[The Brazil Times nameplate] Fair ~ 46°F  
High: 72°F ~ Low: 53°F
Friday, May 6, 2016

Group reimbursed for flood expenses

Wednesday, April 14, 2010

A red line was painted on the side of the Old Hill pumping station, marking the height floodwater reached, and serves as a reminder of the 10 inches of rain which fell during the June 7, 2008 flood. Six complete breaks were created in a nearby levee because of the flood. Jason Jacobs Photo. [Order this photo]
OLD HILL -- For some area farmers, patience truly is a virtue.

On Monday, United Way of the Wabash Valley (UWWV) Executive Director Troy Fears and Clay County Commissioner Paul Sinders presented a check for $146,057 to the River Bottom Improvement Company (RBIC), Clay City, to reimburse a portion of the monies used for levee repairs following the June 2008 flood.

"We are very grateful to the United Way and county officials for helping us after the devastating flood," RBIC Secretary Ivan Hofmann told The Brazil Times. "It was the first time the levee broke since it was established in the 1930s."

Hofmann added there were six complete breaks in the levee, and RBIC President Jon Nicoson said approximately 2,900 acres of farm land was damaged during the flood.

"We were able to plant a late crop after the levee was repaired, and we planted a full crop last year," Nicoson said.

RBIC Board Member Marty Evans said with the rain falling before the June 7, 2008 flood, the river had already swelled, forcing the organization to spend its entire budget for the year.

"The river was already big before the storm hit," Evans said. "Our budget is normally $15,000, which was spent on diesel fuel to run the pumps two weeks prior to the big flood, which dropped another 10 inches on the area. There were easily 20 families directly affected by the breaks in this levee, probably more."

Evans added the flooding created an estimated $3 million in crop losses, but help from Frey's Drainage and Excavating, Farmersburg, sped up the process of repairing the levee -- which regulations specified could only be done back to its original size and shape -- in order to plant a late crop in 2008.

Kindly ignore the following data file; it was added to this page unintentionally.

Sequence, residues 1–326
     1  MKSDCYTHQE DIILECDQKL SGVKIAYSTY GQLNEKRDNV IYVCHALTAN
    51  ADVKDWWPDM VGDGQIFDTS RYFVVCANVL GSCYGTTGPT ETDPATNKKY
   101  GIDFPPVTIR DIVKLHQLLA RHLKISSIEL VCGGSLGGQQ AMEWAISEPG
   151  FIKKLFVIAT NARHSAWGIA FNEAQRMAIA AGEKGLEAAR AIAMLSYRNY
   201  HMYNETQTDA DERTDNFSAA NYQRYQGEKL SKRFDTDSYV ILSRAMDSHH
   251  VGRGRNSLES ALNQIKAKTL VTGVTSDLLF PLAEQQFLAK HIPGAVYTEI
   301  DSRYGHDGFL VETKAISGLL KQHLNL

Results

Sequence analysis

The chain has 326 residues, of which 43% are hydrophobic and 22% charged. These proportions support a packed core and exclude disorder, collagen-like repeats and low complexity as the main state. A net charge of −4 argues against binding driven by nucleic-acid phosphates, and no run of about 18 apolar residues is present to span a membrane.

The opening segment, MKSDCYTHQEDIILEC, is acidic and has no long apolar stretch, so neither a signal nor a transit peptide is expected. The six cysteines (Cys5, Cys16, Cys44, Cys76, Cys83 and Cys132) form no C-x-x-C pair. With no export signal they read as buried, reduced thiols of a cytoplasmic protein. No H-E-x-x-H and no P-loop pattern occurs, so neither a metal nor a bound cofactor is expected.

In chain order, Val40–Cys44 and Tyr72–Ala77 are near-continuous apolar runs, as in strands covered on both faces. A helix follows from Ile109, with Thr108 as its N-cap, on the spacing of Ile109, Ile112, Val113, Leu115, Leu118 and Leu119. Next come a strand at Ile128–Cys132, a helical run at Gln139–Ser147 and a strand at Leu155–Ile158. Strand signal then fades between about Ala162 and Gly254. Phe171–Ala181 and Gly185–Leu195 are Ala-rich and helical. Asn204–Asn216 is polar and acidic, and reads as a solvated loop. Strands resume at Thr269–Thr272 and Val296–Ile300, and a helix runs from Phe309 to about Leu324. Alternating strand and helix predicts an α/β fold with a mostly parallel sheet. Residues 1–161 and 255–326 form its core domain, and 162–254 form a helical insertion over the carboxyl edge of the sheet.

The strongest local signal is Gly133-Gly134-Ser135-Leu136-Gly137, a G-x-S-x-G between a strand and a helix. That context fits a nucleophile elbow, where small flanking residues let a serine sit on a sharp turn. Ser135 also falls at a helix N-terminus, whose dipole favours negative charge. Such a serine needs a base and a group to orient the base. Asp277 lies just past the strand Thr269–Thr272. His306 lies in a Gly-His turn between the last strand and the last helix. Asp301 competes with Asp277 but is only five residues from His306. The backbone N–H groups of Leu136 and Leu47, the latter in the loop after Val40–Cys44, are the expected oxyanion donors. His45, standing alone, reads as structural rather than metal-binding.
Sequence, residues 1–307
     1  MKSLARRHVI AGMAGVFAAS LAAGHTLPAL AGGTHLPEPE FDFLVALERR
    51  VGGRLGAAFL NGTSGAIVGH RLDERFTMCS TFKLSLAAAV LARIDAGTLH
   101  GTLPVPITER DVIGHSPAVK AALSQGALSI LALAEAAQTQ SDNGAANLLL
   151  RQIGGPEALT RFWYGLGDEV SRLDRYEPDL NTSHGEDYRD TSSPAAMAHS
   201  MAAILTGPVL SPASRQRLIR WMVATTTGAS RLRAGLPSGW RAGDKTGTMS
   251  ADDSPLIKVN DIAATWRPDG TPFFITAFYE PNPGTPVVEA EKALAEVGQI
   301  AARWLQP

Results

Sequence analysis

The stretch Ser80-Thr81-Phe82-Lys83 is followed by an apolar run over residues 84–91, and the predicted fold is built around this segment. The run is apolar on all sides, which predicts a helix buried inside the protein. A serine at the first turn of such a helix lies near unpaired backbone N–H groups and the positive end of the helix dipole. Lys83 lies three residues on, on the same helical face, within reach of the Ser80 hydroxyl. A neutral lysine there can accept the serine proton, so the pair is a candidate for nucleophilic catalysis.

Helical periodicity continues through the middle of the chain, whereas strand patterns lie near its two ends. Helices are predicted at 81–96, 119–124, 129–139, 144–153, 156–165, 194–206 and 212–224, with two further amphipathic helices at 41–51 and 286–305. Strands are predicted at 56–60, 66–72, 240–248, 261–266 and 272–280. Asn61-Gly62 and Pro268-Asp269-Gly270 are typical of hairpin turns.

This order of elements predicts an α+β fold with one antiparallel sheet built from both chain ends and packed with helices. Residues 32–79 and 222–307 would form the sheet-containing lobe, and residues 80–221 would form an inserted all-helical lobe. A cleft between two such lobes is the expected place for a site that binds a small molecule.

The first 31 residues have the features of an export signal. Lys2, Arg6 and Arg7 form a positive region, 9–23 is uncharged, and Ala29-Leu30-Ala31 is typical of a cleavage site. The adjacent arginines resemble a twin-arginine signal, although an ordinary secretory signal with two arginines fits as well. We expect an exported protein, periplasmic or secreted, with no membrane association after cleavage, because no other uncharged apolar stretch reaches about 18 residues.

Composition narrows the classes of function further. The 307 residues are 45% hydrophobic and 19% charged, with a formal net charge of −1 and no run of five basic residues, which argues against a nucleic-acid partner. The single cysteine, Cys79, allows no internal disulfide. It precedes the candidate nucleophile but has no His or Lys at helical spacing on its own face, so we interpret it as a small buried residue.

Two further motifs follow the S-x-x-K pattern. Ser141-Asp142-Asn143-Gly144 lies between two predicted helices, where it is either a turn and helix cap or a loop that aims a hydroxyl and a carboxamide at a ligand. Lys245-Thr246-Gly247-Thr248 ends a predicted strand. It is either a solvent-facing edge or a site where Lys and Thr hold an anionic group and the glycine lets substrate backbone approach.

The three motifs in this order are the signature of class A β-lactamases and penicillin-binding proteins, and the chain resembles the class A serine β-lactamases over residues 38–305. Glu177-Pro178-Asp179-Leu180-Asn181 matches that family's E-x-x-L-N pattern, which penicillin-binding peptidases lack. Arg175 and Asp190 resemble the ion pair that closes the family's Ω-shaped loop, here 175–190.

"In total, it took about a month-and-a-half to do all the repairs on the levee, which ranges from 10-feet to 40-feet tall in some areas," Mike Frey, of Frey's Drainage and Excavating, told The Brazil Times. "We worked on each of the sections, which ranged from only a couple hundred feet to one break that was about a quarter-mile long."

However, with RBIC's budget completely spent at the time, they had to find another way to pay for the repairs.

"(First Financial Bank Vice President of Ag Lending) Alan Badger helped us get a short-term loan to fix the levee," Hofmann said. "The funding will only be in our hands a few minutes because it is going directly to the bank to repay the loan."

United Way of the Wabash Valley Executive Director Troy Fears (left) and Clay County Commissioner Paul Sinders presented a check for $146,057 Monday to River Bottom Improvement Company Board Member Marty Evans, which reimburses part of the money used to repair breaks in a levee caused by the June 2008 flood. Jason Jacobs Photo.
Sinders said RBIC was also assisted with funding through the Soil and Water Conservation Districts in Clay and Vigo counties.

"Farmers and landowners in the area were hit very hard, and knowing that this is their livelihood, we have been working on this for some time with a great team effort from everyone involved," Sinders, who is also part of the Wabash Valley Long-Term Disaster Recovery Coalition, said to those in attendance for the check presentation. "If I were not a commissioner and I was put in your shoes, I would certainly hope there would be someone who would go to bat for me."

Fears said the monies came from the Disaster Recovery 2 funding from the Lilly Foundation, through the Indiana Association of United Ways.

"I feel blessed to be able to help the rural farmers who were hit so hard by the flood," Fears told The Brazil Times. "This is a big majority of the funding specifically for Clay County, and there may be some left for smaller projects."

Evans said he was grateful for the assistance from all involved, adding while the flood was a sight to see, he hopes it is the last time.

"It is something tremendous to see the power of what 10 inches of water can do," he said. "The whole area filled up like a big sink, but I hope to never see that again."


The first name of River Bottom Improvement Company President Jon Nicoson was inadvertently misspelled when this article was originally posted on April 14, 2010. The correction has been made to the above article and is current as of April 20, 2010.

Respond to this story

Posting a comment requires free registration: